It would be nice, if your universal config interface integrates in kcontrol to have only one place on system for administratio

  2. Pau Garcia i Quiles Says:

    What you are proposing is something like KioskTool. Unfortunately, KioskTool only works with KDE3. I started a port to KDE4 (it builds and runs but does nothing because I did not port DCOP to DBUS) but decided the application needs a complete rewrite, something I don’t have the time to do in months.

  3. Elias P. Says:

    I think something like your suggestion, built on top of Augeas ( ) would absolutely rock!
    Augeas feels to me a little bit like a dream come true πŸ˜‰

    Regards, Elias P.

  4. jpo234 Says:

  5. d. Hensley Says:

    Well, something like it, yes; (Webmin)
    Possibly a good modular structure to use as a guide for creating your KDE universal config user interface.
    Nice idea, BTW.

  6. Jucato Says:

    Actually, I think his proposal more closely resembles KConfigEditor ( I personally think this would be a great system administration tool. It’d definitely not a registry since it isn’t a central database of KDE configuration files, but more of a convenience viewer/editor.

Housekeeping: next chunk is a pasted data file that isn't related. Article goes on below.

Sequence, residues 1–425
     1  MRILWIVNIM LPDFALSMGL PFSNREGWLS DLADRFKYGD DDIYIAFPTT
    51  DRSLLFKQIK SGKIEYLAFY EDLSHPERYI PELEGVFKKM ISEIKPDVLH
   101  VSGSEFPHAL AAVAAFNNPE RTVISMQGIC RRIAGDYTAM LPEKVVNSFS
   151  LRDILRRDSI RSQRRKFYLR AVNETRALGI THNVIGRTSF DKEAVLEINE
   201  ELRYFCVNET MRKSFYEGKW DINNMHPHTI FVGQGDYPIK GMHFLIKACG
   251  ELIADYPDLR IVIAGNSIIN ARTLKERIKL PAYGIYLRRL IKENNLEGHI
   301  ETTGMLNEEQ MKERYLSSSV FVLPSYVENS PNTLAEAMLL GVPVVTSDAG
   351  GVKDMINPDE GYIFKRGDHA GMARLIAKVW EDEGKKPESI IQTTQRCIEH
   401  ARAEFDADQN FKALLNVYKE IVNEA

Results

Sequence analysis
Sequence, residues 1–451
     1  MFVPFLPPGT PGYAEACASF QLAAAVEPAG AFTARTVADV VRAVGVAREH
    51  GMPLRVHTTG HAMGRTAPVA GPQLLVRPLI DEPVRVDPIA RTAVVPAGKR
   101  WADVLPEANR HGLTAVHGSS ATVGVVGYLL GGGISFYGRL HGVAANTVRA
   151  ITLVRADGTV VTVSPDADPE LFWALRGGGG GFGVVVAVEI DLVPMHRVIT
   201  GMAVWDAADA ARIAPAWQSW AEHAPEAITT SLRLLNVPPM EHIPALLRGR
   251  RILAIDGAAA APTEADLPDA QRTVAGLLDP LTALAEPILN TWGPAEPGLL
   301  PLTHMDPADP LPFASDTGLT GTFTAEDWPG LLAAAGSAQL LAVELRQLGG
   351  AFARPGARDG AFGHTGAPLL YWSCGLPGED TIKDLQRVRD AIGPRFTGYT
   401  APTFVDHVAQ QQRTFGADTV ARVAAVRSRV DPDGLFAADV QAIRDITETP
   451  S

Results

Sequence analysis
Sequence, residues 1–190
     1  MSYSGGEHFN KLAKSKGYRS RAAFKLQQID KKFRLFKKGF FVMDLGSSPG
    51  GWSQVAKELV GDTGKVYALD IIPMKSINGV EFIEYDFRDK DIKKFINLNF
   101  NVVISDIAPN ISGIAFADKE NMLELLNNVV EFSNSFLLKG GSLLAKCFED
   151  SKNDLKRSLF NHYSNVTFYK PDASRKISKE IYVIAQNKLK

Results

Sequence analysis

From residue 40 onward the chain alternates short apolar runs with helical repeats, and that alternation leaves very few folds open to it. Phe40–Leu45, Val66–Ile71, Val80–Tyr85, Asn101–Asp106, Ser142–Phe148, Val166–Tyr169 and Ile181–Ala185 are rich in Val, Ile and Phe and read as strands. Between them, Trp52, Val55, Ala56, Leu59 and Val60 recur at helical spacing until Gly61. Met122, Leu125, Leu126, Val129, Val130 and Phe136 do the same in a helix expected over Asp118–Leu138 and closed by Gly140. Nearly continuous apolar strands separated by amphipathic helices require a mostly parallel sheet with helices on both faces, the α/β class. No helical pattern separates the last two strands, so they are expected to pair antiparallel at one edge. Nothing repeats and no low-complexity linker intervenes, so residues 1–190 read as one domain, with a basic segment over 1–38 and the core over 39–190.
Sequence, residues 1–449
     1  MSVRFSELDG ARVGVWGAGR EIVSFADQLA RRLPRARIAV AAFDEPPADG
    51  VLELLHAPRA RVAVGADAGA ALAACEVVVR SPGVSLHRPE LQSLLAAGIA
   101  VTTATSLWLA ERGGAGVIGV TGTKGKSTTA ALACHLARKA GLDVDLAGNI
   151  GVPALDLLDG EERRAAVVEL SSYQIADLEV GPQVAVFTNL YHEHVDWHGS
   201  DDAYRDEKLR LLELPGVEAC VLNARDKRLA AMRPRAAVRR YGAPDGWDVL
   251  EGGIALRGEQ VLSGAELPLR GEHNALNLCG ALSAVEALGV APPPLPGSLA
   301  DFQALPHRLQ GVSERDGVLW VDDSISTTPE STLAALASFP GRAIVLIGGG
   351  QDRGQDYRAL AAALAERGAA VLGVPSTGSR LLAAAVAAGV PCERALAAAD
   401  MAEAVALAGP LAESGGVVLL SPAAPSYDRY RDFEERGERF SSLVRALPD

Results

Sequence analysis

I’m imagining that the most difficult part of the app would be presenting the user with *all* the possible config choices, since some of those do not get written to a config file until they are changed in the settings. Perhaps that’s where the “collection of config file syntaxes” comes in?

    Good luck with the app (if you’re going to push through with it). Maybe I might be able to help once I get my KDE-fu up to a reasonable level. πŸ™‚

  7. Harald Says:

    @Pau Garcia:
    Well, yes and no, from looking at a few screenshots. Yes because kiosktool is a gui collecting things from several sources, but no because it’s not universal or geared towards advanced users…

  8. Miguel Says:

    Something like gnome has, maybe. Don’t know the application name. But it’s universal, contains all configs and it’s “value safe” (as far as I know). Maybe an idea can emerge from that.

  9. Corey Burger Says:

    Rather than change all configuration files, you can just provide standard interfaces to them. The augeas project, funded by Red Hat, is doing just that:

  10. Will Stephenson Says: